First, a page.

The most important aspect of the control given to business executives was the ability to plan. Further, more than half (55%) said that outsourcing allows their firm to implement strategies and change at a faster and more controlled rate, according to an Accenture survey of 809 executives in the United States, United Kingdom, France and Germany who were interviewed by telephone in July 2003.
Other levels of control were also reported in :
- cost variability improvements
- effective implementation of ideas.
While this increased control did not come overnight, the turnaround did not take long. More than half (57%) of those polled began to experience control gains within the first eight months of an outsourcing agreement. Breaking it down further, 47% (27% of the total) saw control improvements as soon as the deal was signed; the remaining 53% (30% of the total) said that control increased once operations were transferred and stabilized – an adjustment period Accenture says typically lasts six to eight months.
“Industry leaders are beginning to view outsourcing as a prescription for change, versus an antidote to rising costs,” said John Rollins, a partner in Accenture’s Products operating group, in a statement.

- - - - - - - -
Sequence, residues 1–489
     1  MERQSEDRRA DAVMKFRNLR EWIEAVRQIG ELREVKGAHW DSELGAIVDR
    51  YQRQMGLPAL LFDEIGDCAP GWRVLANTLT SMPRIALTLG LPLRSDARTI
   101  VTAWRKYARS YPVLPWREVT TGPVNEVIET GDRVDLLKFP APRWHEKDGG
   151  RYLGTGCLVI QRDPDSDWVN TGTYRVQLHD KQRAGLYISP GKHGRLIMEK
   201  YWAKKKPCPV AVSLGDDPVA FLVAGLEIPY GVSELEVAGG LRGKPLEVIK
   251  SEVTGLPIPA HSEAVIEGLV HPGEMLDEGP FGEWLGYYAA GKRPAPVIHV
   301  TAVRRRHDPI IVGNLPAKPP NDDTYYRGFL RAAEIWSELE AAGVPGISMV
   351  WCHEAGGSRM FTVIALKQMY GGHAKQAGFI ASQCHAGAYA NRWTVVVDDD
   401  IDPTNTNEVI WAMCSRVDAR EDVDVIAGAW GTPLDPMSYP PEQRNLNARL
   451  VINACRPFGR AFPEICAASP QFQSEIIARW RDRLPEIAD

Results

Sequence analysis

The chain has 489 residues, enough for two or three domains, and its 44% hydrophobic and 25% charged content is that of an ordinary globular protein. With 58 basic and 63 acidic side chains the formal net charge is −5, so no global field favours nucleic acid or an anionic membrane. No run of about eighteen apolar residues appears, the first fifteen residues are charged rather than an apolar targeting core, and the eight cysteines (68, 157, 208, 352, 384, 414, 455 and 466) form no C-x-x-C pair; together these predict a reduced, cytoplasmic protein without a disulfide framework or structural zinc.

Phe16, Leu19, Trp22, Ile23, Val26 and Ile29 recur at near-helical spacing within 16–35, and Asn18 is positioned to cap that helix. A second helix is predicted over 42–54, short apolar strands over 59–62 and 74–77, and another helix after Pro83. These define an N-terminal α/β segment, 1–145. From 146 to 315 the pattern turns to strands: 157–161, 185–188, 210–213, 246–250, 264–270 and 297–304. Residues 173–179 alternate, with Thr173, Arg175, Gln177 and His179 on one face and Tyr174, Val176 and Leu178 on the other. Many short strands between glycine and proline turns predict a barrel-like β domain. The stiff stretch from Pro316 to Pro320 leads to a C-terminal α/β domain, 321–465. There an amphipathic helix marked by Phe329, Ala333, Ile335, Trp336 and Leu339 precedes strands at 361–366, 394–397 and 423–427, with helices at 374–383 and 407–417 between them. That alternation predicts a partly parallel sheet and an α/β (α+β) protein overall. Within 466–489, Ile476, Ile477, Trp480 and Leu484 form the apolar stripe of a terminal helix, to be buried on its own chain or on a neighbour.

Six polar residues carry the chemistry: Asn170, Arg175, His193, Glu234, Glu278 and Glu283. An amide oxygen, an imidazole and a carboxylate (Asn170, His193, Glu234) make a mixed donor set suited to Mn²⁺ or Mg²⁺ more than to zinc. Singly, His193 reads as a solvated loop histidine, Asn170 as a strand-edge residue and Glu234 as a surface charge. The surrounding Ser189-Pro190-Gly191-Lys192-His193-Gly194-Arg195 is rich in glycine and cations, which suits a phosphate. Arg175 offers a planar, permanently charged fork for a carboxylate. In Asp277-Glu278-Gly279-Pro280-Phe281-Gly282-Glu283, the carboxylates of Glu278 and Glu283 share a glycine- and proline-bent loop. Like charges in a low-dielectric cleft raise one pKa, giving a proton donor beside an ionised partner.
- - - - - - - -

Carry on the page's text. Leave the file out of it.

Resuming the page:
With the increased control and cost reductions, it comes at no surprise that more than eight out of 10 executives surveyed said they are committed to outsourcing at least one business function permanently, with only 14% planning to use outsourcing on a temporary basis to rehabilitate key functions and return them in-house once efficiencies are realized. Overall, Accenture found outsourcing to be most popular in IT functions (43%), followed by:
- 36% – supply chain
- 31% – learning/training
- 25% – human resources
- 21% – finance and accounting
- 13% – customer relationship management.
Measuring Outsourcing Success
Even with increased control, the focus for 30% of the sample on outsourcing’s impact is on business outcomes such as shareholder value and revenues are on the leading edge. By industry, more retail executives said they measure the success of their outsourcing agreements by calculating business outcomes (34%) than did respondents in any other industry. Additionally, with the money being saved, almost three-quarters (73%) said they would redistribute the cost benefits of outsourcing to either the bottom line or growth efforts.
By comparison, 57% said they measure service levels, such as those related to claims processing or call center responsiveness. This measure was primarily concentrated in the health and life sciences group (60%) more than in any other industry.
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